German Citizenship: Jewish Community in Speyer
The new amendments to the German citizenship, bring unprecedented ease of access to the restoration of German citizenship for the victims of the Nazi regime. This decision has opened up significant opportunities for hundreds of thousands of descendants worldwide who can now apply for and obtain German citizenship with relative ease.
This article aims to shed light on the origins of German Jewry, focusing on the ancient city of Speyer, considered one of the first three cities in Germany where a Jewish community settled. However, unlike the other two, Speyer has a unique historical record that traces back a thousand years with the family name “Speira/Spiro” still existing today.
Our office represents Holocaust survivors and their descendants in obtaining German and Austrian citizenship. We have offices in Jerusalem and Tel Aviv, with a dedicated team of German-speaking professionals who work daily with documents and clients and maintain relationships with various authorities in Germany and Austria.
The Historic Jewish Community in Speyer
According to Jewish traditions, the historic Jewish community in Speyer has roots in the city dating back to ancient times, though it is only mentioned in historical records from the late 11th century. During this period, they settled in the city’s suburbs, which were considered property of the local Bishop.
It appears that he decided to invite Jews primarily from other German cities situated along the Rhine River (a region in southwestern Germany) to settle in the suburbs. Cities like Mainz, Cologne, and Worms were among them. However, it is certain that a significant portion of the first arrivals came from the city of Speyer itself. The bishop, Rudiger, who was known for his philo-Semitic stance, was impressed by the Jews and their deeds, as evident from his words over a thousand years ago: “When I built the village and turned it into a city, I thought it would be worthwhile to invite Jews to increase its prestige.” Remarkably, the bishop granted Jews rights that were unavailable to Jews in other German cities at the time. While anti-Semitism and discrimination were prevalent throughout Europe, especially in Germany, a few noble characters sympathized with Jews and allowed them a place in the xenophobic society.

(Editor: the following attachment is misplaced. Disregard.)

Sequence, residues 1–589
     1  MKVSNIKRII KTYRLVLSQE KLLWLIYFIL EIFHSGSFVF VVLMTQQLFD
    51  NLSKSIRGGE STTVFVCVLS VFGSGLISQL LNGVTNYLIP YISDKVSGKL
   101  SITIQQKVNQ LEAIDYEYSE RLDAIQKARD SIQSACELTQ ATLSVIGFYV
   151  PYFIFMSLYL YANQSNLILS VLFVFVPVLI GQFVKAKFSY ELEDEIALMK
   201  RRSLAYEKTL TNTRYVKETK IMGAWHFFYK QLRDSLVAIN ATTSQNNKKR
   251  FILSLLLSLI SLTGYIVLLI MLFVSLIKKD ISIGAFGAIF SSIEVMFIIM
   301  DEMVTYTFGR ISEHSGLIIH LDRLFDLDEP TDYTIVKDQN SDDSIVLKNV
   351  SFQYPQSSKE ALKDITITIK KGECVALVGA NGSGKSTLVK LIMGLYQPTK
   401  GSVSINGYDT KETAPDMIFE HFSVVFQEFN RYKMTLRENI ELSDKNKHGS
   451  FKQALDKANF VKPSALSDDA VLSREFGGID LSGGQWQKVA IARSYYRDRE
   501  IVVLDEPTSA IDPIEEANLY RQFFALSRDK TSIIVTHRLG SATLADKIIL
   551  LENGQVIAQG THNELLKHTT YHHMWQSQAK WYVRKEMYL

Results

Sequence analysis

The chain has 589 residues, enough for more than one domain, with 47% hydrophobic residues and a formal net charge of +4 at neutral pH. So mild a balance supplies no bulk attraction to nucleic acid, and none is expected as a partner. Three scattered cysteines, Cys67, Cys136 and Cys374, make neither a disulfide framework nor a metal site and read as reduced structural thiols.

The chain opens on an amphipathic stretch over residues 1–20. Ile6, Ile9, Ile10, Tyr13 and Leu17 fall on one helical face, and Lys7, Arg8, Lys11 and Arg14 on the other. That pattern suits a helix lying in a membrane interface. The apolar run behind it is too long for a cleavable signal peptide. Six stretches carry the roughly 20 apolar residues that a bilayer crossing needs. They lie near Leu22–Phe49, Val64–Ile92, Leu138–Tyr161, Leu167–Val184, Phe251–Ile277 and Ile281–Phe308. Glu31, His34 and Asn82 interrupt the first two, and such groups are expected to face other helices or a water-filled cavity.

Jews were permitted to engage in free trade, exchange gold for silver, purchase real estate, and establish courts with regulations and administration. They were exempt from paying taxes within the city limits and were allowed to employ non-Jewish servants. To protect them from the jealous and envious crowd, authorities decreed that the torture of Jews was prohibited, and any harm or death caused to a Jew would result in severe penalties. On the other hand, involuntarily baptizing Jews was strictly forbidden.
However, the main reason for their invitation was likely economic, aimed at helping the locals build an impressive local cathedral. Jewish settlement was seen as an economic strategy, as Jews were known for their entrepreneurship and innovation.